SARAH DEMPSTER drops some crumbs for the Various duck...

Clubber’s Guide To… 2000 – Mixed by Judge Jules
[I](Ministry Of Sound)[/I]

In which Beelzebub’s own DJ delivers a crash course in mindless happy house for gurning ravers too ‘sorted’ to realise they’re being shafted by the glo-stick of corporate mediocrity.

Necessary or evil? Emphatically the latter; with huge disco bells on. If your idea of fun is listening to 41 utterly anonymous handbag ‘anthems’, then you may derive some joy from ‘Clubber’s…”s safe-as-milk grooves. If not, avoid like month-old Wensleydale. 1/10

Hold Back The Night – OST Remixes
[I](Fuel Recordings)[/I]

Fuel’s resident remixers Tipper, Radioactive Man and Voice Stealer set about the 1999 Britflick’s original soundtrack with their bounteous satchel of scowling subterranean rhythms.

Necessary or evil? The mainsail may be spliced by the latest juddering breakbeats but the controls are set – rather charmingly – for the heart of the ’80s. Wisely, Messrs Tipper and co bypass deely-boppered kitsch in favour of the bleeping, Vangelis-style minimalism of ‘To Be With You’. Meanwhile, ‘The Light Of Day’ keeps the icy-hearted, late-night flame ablaze by gently rocking an early-Massive Attack vibe. 6/10

Transatlantic Audio
[I](Dynamite Joint)[/I]

A pan-global voyage around future funk’s bulbous girth, courtesy of everyone from Gilles Peterson to Kruder & Dorfmeister. What’s more, each of the 12 featured artists represent a different country – making this a cuddly, Eurovision-style exercise in nation-unifying altruism. Possibly.

Necessary or evil? With Germany’s Beanfield providing the funked-up trance and Japanese boffins UFO donating their prog-spun beats, ‘Transatlantic…’ makes for a bravely eclectic – albeit occasionally baffling – sonic stew. 7/10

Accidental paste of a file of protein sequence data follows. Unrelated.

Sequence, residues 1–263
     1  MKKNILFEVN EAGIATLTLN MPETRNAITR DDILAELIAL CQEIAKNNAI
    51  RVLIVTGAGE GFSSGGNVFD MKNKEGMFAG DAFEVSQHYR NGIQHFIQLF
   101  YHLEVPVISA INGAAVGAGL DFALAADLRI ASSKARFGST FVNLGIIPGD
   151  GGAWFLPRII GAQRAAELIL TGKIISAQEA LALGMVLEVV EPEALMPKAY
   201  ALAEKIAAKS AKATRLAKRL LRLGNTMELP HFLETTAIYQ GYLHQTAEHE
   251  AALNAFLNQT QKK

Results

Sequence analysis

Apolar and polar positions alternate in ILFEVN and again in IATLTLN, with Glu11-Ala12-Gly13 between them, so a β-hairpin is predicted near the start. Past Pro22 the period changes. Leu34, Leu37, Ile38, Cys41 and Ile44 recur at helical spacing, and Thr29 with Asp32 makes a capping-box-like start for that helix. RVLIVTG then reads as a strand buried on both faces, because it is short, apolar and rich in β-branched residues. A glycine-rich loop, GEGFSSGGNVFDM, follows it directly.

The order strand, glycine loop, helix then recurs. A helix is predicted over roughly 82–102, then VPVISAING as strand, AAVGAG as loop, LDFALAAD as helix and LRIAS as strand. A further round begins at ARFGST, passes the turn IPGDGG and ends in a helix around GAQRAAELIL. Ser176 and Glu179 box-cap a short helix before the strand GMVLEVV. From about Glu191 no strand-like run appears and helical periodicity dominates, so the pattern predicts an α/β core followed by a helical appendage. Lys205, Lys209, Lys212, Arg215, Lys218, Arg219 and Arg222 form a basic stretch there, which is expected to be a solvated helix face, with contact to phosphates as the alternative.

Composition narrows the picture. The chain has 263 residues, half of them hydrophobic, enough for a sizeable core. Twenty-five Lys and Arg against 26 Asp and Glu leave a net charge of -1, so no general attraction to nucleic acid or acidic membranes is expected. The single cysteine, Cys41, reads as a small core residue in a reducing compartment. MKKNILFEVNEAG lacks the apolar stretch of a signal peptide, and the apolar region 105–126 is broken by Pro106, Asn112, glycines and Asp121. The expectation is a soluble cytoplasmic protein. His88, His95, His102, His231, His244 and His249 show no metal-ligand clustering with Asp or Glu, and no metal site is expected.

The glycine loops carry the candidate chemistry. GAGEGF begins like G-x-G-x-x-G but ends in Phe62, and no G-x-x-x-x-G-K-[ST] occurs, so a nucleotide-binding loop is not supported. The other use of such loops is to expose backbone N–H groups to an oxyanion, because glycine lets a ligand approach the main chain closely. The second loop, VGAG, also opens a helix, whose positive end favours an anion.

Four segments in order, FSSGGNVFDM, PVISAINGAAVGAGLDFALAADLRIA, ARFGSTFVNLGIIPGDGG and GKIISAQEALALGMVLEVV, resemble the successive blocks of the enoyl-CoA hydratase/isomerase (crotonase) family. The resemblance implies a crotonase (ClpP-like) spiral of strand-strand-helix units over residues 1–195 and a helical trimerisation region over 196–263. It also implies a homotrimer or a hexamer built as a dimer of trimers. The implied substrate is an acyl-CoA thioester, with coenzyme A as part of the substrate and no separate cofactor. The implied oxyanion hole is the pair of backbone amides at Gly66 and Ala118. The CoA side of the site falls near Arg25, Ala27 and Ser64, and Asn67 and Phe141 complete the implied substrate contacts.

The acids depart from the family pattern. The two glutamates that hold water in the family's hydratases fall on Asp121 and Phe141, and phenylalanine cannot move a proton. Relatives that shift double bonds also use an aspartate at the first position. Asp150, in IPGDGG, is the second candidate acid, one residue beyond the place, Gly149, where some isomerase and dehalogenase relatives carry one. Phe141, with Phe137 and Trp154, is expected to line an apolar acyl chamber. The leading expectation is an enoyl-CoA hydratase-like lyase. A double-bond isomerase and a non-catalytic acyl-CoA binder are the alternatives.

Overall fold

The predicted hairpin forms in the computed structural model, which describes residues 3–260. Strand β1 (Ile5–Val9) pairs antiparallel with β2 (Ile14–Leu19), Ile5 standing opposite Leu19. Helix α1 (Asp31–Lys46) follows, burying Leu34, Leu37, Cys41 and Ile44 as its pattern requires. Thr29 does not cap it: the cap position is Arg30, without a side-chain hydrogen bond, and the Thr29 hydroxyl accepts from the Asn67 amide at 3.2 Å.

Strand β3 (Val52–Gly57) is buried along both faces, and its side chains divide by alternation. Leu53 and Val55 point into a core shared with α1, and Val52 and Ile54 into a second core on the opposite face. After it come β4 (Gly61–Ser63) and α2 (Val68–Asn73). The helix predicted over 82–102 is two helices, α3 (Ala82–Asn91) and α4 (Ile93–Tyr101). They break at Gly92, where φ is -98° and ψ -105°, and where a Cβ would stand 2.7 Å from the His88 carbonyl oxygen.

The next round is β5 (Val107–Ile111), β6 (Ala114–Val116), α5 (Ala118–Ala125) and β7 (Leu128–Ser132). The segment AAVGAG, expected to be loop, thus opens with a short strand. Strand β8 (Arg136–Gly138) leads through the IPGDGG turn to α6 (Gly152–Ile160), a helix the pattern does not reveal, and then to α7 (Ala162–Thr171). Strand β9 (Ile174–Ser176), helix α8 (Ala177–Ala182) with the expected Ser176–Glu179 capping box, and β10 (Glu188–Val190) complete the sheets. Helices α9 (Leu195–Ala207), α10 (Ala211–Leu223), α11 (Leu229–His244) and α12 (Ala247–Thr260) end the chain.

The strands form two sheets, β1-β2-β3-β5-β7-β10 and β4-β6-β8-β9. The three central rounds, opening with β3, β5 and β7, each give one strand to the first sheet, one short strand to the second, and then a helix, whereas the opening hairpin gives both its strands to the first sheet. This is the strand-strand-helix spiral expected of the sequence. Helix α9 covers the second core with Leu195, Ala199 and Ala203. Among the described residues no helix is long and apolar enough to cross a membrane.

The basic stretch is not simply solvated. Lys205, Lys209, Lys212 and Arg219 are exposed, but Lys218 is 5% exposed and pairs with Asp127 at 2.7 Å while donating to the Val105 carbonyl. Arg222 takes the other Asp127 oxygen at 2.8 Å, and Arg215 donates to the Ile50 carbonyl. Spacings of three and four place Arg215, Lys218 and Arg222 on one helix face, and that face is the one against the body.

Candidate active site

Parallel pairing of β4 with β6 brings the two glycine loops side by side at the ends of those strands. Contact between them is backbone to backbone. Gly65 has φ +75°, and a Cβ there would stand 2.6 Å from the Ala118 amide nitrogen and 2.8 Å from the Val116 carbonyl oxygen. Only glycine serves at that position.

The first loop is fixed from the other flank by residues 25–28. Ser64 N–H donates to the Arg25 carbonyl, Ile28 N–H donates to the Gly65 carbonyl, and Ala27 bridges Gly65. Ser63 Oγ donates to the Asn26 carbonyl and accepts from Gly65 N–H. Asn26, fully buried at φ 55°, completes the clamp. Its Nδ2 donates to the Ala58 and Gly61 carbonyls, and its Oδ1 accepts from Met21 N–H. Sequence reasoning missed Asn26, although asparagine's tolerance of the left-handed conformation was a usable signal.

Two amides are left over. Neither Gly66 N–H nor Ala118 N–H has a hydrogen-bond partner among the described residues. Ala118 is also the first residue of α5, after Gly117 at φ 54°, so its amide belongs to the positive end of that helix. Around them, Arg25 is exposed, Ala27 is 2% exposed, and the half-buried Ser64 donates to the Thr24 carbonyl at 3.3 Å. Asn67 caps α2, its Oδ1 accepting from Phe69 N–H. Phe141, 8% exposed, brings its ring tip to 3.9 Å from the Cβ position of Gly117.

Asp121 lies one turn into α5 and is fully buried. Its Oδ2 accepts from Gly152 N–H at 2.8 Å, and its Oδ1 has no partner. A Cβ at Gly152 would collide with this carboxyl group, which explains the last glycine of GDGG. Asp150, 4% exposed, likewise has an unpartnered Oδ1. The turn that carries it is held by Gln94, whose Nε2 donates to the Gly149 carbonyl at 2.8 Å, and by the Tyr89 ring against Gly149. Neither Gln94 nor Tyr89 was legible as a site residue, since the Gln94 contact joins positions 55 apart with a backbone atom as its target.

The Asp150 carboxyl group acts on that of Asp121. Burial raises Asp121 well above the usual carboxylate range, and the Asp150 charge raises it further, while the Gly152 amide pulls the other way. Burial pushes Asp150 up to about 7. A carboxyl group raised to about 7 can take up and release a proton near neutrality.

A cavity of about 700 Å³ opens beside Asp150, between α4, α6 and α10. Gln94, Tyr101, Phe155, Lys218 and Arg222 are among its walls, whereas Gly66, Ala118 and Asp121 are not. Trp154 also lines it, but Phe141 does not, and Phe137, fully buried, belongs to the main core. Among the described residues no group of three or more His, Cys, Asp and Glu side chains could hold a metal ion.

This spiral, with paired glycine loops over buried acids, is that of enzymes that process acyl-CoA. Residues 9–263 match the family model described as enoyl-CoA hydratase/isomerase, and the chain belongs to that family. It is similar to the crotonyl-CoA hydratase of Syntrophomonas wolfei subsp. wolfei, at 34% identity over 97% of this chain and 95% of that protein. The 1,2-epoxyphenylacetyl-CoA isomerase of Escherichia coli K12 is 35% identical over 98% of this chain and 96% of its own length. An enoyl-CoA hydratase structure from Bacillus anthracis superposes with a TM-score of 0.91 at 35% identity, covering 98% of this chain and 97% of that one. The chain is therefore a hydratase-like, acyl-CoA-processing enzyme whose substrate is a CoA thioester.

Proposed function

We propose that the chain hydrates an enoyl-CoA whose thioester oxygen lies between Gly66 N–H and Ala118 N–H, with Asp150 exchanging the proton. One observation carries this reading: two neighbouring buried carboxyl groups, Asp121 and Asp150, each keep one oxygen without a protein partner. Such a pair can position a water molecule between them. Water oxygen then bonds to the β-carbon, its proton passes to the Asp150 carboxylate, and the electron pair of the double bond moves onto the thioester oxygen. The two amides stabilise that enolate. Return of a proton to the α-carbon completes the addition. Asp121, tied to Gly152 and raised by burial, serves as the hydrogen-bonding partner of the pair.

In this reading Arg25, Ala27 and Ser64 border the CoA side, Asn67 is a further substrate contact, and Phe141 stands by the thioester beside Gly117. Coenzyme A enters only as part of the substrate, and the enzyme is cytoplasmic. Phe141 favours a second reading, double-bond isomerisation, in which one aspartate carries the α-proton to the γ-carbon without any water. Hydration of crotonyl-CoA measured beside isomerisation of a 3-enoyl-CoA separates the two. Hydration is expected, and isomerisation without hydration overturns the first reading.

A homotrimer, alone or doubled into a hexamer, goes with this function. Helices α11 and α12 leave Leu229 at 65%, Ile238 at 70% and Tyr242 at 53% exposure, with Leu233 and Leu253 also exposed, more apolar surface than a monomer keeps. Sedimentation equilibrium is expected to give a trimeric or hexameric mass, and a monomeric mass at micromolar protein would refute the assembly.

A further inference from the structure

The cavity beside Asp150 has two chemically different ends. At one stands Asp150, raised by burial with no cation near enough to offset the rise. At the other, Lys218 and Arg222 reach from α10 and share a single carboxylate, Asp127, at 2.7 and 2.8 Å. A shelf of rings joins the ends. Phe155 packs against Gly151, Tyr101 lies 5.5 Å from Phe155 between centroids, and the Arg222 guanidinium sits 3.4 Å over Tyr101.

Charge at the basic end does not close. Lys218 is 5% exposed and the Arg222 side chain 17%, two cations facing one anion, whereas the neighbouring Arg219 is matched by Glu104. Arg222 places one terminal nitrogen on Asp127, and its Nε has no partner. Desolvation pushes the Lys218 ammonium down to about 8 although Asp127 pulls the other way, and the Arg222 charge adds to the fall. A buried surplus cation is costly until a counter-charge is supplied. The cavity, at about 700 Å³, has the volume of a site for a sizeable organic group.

Dope On Plastic 7

The latest instalment of ‘Dope…”s eminent, long-running saga proffers yet more bargain beatz and value-for-money breakz. And ‘z’s.

Necessary or evil? The refreshing lack of purism on display means the vaunted vibe is less dancefloor precision and more booty-quaking fun – albeit in an endearingly obsolete, big-beat stylee. Still, the likes of Achisa’s ‘Say No To Guns’ prove that poodle-metal guitars and sampled monkey noises will always have a place in techno’s munificent sphere. Booyaka, indeed. 7/10


Boasting enough sonic ballast to support it’s bombastic moniker, ‘Y3K‘ is an admirably resourceful rummage through breakbeat’s bulging larder.

Necessary or evil? The presence of T-Power and mighty misanthropes Slacker ensure the compilation’s more trance-y moments are bolstered by a solid, bass-driven backbone. Pretentious? [I]Naturellement[/I]. But BT & Hybrid’s dreamy collaboration – ‘Running Down The Way Up’ – hints that dance music’s future may well lie in breakbeat’s zealous mitts. 8/10

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